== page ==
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Taking China-India ties to new heights

  • Author:Linki
  • Source:http://www.tingvoa.com/html
  • Release on :2019-05-31
Taking China-India ties to new heights

Starting his second term in office, Indian Prime Minister Narendra Modi has proposed a second China-India informal summit in Varanasi later this year. Varanasi is not only a culturally important city for Indians and one of the oldest cities in the world but also the constituency that elected Modi to parliament.

After being sworn in for the second time as India's prime minister on Thursday, Modi is likely to have his first "structured" talks with President Xi Jinping on the sidelines of the Shanghai Cooperation Organization summit in Bishkek, capital of Kyrgyzstan, in June.

China has been viewed in India as far more positively inclined to engage with Modi during his second term in office. Even before the full results of the recent elections were declared, the Chinese media welcomed Modi's return to office. In the midst of India's exhausting six-week-long elections, Beijing's diplomatic and strategic moves helped Modi assert his anti-terrorism policy and reinforced memories of the informal summit in Wuhan, Hubei province, in April last year, which showcased the personal chemistry of the two Asian leaders.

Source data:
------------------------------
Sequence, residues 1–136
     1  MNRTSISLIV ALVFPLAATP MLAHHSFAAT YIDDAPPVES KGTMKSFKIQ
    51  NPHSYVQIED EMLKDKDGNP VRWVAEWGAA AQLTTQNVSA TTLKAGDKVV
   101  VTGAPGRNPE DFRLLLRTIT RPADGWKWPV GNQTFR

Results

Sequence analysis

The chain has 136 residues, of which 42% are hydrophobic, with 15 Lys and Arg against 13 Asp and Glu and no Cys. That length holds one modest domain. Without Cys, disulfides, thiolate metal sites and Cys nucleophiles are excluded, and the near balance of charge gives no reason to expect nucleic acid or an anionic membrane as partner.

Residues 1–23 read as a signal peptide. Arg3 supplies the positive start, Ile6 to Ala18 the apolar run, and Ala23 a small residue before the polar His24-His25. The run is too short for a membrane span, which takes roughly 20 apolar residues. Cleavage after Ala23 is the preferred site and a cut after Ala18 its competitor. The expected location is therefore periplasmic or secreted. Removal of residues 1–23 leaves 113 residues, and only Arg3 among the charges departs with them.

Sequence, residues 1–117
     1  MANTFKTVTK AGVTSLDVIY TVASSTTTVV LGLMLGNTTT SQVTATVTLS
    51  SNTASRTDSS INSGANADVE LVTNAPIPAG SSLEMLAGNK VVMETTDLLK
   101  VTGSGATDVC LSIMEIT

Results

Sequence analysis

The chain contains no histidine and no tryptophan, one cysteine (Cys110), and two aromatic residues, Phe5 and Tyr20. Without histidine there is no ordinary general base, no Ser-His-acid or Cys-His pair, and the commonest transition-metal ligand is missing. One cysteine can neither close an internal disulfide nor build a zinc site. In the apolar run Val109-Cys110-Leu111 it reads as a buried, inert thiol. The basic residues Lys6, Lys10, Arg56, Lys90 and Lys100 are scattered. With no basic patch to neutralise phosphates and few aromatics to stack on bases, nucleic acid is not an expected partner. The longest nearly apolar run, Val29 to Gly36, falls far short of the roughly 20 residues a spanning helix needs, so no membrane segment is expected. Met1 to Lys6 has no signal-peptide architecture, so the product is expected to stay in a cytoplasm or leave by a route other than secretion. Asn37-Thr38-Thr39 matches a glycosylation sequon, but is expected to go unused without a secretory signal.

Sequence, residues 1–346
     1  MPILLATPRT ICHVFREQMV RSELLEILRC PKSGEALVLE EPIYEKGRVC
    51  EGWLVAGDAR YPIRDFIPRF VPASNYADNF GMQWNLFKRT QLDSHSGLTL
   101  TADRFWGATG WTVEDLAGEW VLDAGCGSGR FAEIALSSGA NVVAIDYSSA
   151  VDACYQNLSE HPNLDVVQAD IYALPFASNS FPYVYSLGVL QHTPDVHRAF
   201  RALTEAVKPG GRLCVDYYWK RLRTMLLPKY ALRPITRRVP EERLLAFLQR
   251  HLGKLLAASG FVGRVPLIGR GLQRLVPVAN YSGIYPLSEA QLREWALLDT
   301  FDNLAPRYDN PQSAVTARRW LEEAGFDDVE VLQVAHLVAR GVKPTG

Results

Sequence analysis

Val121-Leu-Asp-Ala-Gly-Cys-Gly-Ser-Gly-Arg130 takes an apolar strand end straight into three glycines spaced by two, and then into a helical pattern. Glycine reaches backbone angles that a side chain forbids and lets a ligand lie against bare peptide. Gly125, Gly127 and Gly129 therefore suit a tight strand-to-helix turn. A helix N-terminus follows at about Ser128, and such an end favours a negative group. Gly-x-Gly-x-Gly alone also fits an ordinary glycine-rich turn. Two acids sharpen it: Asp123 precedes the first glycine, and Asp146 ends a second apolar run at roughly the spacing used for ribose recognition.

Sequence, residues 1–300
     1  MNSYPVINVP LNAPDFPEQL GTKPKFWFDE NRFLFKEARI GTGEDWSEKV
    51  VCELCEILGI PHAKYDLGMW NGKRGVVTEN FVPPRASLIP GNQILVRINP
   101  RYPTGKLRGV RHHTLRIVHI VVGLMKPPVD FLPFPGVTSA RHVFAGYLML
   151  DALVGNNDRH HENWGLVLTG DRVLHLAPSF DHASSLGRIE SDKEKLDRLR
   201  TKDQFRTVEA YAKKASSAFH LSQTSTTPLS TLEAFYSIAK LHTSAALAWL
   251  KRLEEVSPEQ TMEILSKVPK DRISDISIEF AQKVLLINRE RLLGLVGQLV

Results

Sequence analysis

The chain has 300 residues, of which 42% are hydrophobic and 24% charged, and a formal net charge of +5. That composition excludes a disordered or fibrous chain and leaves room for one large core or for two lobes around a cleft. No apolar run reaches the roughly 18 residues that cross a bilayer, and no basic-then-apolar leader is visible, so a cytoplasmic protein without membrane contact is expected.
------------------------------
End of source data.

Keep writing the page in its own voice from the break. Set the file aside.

Keeping with their "Wuhan spirit" and their June 2017"Astana consensus" on "not allowing differences to become disputes", their "strategic guidance" to their armed forces have ensured peace on their borders. This has prompted bilateral trade to finally cross its decade-long volume of $70-75 billion. For this year, China-India trade is set to cross $100 billion.

Likewise, China's investments in India have witnessed a sharp upsurge from $688 million in 2016 to $5.6 billion last year. The United States' decision to raise tariffs on Chinese, as well as Indian, products is expected to further strengthen Sino-Indian trade and investment partnership. Critics may describe this as China's tactical move triggered by its intensifying trade dispute with the US. Yet there is no denying that the past two years have seen a marked shift in China-India relations.

In hindsight, their 73-day-long border standoff in the summer of 2017 is now seen as a watershed which made both sides ever more pragmatic in building their partnership. This explains why, during his first term as India's prime minister, Modi visited China five times while Xi Jinping visited India twice. The two leaders also met at many multilateral meetings, several of which saw them showcasing joint statesmanship.

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